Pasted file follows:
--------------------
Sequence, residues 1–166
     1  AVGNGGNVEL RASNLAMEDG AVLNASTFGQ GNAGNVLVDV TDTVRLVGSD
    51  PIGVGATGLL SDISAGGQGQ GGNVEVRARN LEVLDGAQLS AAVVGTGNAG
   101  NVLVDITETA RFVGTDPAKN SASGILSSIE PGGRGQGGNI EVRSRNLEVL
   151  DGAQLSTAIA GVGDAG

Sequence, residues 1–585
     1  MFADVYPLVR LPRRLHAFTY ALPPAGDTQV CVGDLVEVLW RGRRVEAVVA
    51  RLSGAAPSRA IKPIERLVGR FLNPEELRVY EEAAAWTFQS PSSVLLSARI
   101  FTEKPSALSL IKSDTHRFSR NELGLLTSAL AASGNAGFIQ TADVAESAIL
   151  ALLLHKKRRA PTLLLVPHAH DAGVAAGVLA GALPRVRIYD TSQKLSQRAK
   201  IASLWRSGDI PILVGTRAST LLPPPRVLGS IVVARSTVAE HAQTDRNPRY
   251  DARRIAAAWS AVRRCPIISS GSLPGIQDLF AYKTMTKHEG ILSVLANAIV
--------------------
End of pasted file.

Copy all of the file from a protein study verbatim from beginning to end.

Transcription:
Sequence, residues 1–166
     1  AVGNGGNVEL RASNLAMEDG AVLNASTFGQ GNAGNVLVDV TDTVRLVGSD
    51  PIGVGATGLL SDISAGGQGQ GGNVEVRARN LEVLDGAQLS AAVVGTGNAG
   101  NVLVDITETA RFVGTDPAKN SASGILSSIE PGGRGQGGNI EVRSRNLEVL
   151  DGAQLSTAIA GVGDAG

Sequence, residues 1–585
     1  MFADVYPLVR LPRRLHAFTY ALPPAGDTQV CVGDLVEVLW RGRRVEAVVA
    51  RLSGAAPSRA IKPIERLVGR FLNPEELRVY EEAAAWTFQS PSSVLLSARI
   101  FTEKPSALSL IKSDTHRFSR NELGLLTSAL AASGNAGFIQ TADVAESAIL
   151  ALLLHKKRRA PTLLLVPHAH DAGVAAGVLA GALPRVRIYD TSQKLSQRAK
   201  IASLWRSGDI PILVGTRAST LLPPPRVLGS IVVARSTVAE HAQTDRNPRY
   251  DARRIAAAWS AVRRCPIISS GSLPGIQDLF AYKTMTKHEG ILSVLANAIV